Iron Gwazi entrance

It would be an understatement to say that 2020 was an unexpected year for the theme park industry. With COVID-19 shutting down parks across the world, the majority of new-for-2020 coasters were pushed back due to constraints in funds, labor, and safety. Some coasters did manage to make their debut in the 2020 season, like Candymonium, a B&M Hypercoaster at Hershey Park, and Texas Stingray, the tallest, fastest, and longest wooden coaster in Texas (which actually managed to open just prior to COVID-19 closures). In addition, there are also some 2021 coasters that were announced as 2021 coasters, like Universal’s VelociCoaster, or TMNT Shellraiser and its fellow coasters that opened alongside the indoor Nickelodeon Universe park. 

VelociCoaster promotional image
Image: Universal

But what about the forgotten coasters of 2020, the ones that were quietly pushed back due to these aforementioned restraints, the 2020 coasters that became 2021 coasters?

Iron Gwazi  

Iron Gwazi promotional image
Image: Busch Gardens

There’s no lack of discourse surrounding this record-breaking RMC, but the hype surrounding this upcoming Busch Gardens coaster has only grown since it was pushed to the 2021 season. After being widely considered the most highly-anticipated coaster of 2020, it’s defending that title for the second year in a row, as Busch Gardens fans and coaster enthusiasts are so ready to flock to the park next Spring when Iron Gwazi makes its long-awaited debut. It’s driven fans (present company included) wild seeing this massive coaster standing but not operating for the past few months, but we’re closer than ever now. In recent weeks, the queue line and entryway have taken shape, and the coaster is seen running quite frequently.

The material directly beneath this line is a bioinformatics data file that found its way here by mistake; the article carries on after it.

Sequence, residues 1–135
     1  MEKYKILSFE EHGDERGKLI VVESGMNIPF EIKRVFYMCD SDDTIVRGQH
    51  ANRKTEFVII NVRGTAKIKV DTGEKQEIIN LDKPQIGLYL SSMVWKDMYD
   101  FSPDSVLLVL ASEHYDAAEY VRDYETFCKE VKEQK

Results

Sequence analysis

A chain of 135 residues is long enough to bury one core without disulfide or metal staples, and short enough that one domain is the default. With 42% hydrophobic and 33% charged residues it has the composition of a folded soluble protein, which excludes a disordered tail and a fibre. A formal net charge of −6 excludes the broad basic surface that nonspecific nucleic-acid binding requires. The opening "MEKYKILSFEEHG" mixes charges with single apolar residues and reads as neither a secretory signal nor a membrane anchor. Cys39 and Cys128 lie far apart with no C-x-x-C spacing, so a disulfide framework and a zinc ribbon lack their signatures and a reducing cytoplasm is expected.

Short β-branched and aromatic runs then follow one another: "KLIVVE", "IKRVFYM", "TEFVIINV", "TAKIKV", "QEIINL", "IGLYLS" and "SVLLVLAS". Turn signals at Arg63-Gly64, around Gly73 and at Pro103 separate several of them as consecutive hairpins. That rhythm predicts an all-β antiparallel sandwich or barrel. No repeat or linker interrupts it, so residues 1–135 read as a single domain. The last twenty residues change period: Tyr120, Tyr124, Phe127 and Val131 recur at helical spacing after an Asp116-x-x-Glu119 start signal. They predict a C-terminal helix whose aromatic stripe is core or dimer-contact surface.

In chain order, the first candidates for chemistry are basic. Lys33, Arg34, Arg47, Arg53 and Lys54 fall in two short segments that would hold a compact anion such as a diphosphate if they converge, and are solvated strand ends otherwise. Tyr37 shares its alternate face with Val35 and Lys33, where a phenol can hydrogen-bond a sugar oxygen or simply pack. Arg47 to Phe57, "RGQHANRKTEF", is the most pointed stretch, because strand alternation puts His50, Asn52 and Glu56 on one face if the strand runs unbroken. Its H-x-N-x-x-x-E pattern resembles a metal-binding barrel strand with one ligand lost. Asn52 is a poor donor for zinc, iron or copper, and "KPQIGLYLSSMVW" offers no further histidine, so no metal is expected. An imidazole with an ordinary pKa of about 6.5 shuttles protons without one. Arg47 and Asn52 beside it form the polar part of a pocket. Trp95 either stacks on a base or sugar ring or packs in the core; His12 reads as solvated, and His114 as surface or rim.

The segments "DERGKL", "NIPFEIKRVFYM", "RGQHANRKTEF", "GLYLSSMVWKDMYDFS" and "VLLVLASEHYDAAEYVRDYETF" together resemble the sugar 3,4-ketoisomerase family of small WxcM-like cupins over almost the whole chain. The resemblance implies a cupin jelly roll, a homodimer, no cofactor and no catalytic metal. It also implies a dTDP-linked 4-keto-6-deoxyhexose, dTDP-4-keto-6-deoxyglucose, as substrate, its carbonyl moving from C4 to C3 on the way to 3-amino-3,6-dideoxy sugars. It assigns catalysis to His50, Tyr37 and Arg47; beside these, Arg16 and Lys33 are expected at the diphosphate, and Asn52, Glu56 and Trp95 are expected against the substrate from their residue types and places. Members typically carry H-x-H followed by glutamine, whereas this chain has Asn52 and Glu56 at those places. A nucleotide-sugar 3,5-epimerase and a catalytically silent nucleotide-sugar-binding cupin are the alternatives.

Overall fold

Iron Gwazi, known as infamous dueling coaster Gwazi prior to its overhaul, will open as the world’s tallest and steepest hybrid coaster. Rocky Mountain Construction, the beloved manufacturer behind the project, specializes in their groundbreaking I-Box track, taking past-their-time wooden coasters and making them into beasts of steel and wood like we’ve seen in the likes of Steel Vengeance and New Texas Giant. To get a deep dive on Iron Gwazi and its rocky history, check out this oral history. You can catch a ride on Iron Gwazi in spring 2021, but if you really can't wait, the park recently dropped its official POV. 


Pantheon promotional image
Image: Busch Gardens

Another mammoth of a Busch Gardens project, Pantheon was first announced in August of 2019, flaunting the title of “Fastest Multi-Launch Coaster in North America,” reaching speeds of 72.5 miles per hour. This Intamin multi-launch coaster will feature four launches (one of which being a backwards launch) and a 95 degree drop off a massive top hat element. Virginia coaster fans were naturally excited about this addition to the park. Though it came only a few years after Tempesto, another multi-launch coaster, this one manufactured by Premier Rides, the two coasters have massively different focuses. While Tempesto is a cloned attraction with a small footprint, focused on its tall inversions and quirky non-inverting loop, Pantheon broadens the scope. This is a massive ride, spanning a large section of the park with two inversions and a height of 180 feet.

The coaster still displays its honor of “Top 10 Coasters of 2020” on the Busch Gardens Williamsburg site, but they may have to go to bat to retain that title as we enter the 2021 season, as Busch Gardens quietly pushed back the ride’s opening in the summer of 2021. It shouldn’t be a difficult task—Pantheon is unlike anything Virginia, even America, has seen before. While Cedar Point’s Maverick is an Intamin multi-launch as well, it is of a former era of Intamin coasters, with starkly different track, trains, and elements. Intamin has come a long way in the past ten or-so years, bringing their talents to the European market in rides like Taron at Phantasialand and Taiga at Linnanmäk, and American coaster enthusiasts are about to see just that in Pantheon.


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